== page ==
Man 'spends the day out of the house' to save on electricity as cost of living crisis deepens

John Williams says the cost of living crisis is causing his anxiety to get worse.

A man says his increasing fuel and utility bills are taking a toll on his mental health and anxiety as he struggles to cope with the cost of living crisis.

John Williams, from Swansea, has told the Senedd's Equality and Social Justice Committee that he is trying to do everything he can to reduce costs as he battles with fuel poverty.

"My heating's been off for a while, I'm trying not to use the kettle as much and I haven't used the tumble dryer in a couple of months. To be honest, if I can spend the day out of the house to save electricity, I will.

"My mental health and anxiety have gotten much worse recently. I can barely manage at the moment but if the prices go up again, I'm really going to be in trouble."

The Equality and Social Justice Committee is now calling on the Welsh Government to take urgent action to help those like John. It comes after inflation hit a 40 year high, rising to 9% in April.

John says he is even reducing the amount of times he uses his kettle.

In a report from the Equality and Social Justice Committee, it found that the number of people in fuel poverty is expected to rise to a staggering 45% of households following the energy price cap rises in April.

Households are thought to be in fuel poverty when they are paying more than ten percent of their income on heating their home, according to the Welsh Government.

Jenny Rathbone MS, Chair of the Equality and Social Justice Committee, said "if the Welsh Government is serious about helping people in fuel poverty this winter, it needs to adopt some emergency measures to improve the warmth of badly insulated homes that families can't afford to heat."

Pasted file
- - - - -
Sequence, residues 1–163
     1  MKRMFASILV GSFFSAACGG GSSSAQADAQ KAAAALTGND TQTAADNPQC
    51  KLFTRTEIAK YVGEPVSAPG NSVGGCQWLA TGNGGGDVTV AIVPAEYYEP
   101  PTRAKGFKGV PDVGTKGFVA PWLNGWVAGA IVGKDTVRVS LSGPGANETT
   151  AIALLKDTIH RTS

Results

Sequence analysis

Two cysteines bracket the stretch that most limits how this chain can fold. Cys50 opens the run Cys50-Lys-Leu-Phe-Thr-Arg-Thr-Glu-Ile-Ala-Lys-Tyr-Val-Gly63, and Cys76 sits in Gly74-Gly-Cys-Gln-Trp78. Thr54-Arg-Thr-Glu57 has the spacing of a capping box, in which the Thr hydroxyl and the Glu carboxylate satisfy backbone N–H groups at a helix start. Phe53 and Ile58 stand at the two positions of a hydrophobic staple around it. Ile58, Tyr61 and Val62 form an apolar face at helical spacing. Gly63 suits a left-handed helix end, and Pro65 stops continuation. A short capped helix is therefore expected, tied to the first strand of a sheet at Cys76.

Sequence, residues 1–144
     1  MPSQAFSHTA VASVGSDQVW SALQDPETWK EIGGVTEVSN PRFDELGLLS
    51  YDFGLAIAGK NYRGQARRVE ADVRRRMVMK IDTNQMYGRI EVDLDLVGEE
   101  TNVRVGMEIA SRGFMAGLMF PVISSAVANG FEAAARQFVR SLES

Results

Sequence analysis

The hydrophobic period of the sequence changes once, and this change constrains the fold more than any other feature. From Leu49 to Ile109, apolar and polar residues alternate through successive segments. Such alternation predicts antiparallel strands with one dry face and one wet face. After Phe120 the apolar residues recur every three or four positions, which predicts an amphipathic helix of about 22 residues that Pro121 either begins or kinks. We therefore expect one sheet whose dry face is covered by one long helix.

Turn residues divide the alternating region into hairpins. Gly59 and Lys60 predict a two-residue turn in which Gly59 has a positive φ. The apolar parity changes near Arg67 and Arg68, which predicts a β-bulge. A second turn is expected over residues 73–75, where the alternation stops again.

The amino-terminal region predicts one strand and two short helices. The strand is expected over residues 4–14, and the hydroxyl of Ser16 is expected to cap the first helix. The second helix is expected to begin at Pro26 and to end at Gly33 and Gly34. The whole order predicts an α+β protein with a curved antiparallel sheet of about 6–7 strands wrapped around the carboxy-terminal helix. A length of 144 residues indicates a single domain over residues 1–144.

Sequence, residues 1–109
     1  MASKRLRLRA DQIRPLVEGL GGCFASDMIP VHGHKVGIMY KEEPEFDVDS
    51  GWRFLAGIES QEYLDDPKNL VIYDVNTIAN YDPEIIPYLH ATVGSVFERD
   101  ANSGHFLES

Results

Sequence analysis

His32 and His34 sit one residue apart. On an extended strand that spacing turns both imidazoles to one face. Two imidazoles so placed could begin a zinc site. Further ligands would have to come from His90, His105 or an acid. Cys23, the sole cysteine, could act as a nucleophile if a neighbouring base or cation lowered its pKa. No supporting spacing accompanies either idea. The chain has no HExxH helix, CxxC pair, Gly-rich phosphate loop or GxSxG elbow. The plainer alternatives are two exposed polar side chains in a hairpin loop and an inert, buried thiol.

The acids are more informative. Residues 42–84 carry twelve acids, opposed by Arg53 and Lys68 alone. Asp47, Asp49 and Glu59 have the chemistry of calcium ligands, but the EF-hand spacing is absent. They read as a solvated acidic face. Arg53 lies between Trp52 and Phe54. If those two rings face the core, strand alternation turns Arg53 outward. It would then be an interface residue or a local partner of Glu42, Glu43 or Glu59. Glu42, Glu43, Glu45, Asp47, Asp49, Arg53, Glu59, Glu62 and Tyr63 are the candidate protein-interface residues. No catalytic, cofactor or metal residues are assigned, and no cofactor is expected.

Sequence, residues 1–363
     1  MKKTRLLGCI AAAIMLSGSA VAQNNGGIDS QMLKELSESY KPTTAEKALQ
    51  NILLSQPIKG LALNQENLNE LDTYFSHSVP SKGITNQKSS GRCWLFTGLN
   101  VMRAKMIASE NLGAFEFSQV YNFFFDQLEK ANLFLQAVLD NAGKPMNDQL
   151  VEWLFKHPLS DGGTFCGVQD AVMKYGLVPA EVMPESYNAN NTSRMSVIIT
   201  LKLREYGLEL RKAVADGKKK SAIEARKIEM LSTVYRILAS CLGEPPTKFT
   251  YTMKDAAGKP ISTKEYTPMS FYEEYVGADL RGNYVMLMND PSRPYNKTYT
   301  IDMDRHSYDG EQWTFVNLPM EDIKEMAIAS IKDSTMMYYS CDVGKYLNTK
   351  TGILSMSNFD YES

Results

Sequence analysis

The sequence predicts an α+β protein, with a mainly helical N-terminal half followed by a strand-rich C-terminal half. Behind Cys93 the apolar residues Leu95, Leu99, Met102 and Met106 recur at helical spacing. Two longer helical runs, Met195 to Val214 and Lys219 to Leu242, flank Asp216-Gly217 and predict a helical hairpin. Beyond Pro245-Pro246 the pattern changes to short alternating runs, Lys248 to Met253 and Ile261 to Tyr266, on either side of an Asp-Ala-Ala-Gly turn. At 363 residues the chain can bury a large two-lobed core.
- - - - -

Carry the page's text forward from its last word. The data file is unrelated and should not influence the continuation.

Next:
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The report has also said that the Welsh Government needs to learn from previous attempts to reduce fuel poverty after it found failures in its Warm Homes Programme.

It was created for households either in or at risk of fuel poverty but the Committee's findings have found that the scale, size and purpose of the programme does not match the level of need in Wales.

The report has criticised the schemes for prioritising the installation of fossil fuel heating systems over other measures, such as insulation, and recommended that the next programme should be much greener.

Ms Rathbone MS added: "schemes like the Warm Homes Programme had admirable aims to reduce both fuel-poverty and carbon emissions; but this report shows that it has been - in many ways - a failure.

"The evidence shows the support this programme provided did not reach many people who now desperately need this help.

"The next programme must be much bigger in scale and do a better job of targeting those who are in greatest need. It must aim to be greener as well as fairer, - not just giving away gas boilers."

Many are fearful about their utility bills rising considerably in the Autumn.

In response to the report a Welsh Government spokesperson said: "Since October, we have invested more than £380m in support for lower income households to help them with this unprecedented energy and cost-of-living crisis.

"We are continuing to work with stakeholders to ensure our support reaches as many households as possible.

"The issue of fuel poverty, now more than ever, requires real and urgent action from the UK Government. We will consider the committee's recommendations as we refine our policy proposals to tackle fuel poverty and decarbonise homes following the consultation on the next iteration of the Warm Homes Programme."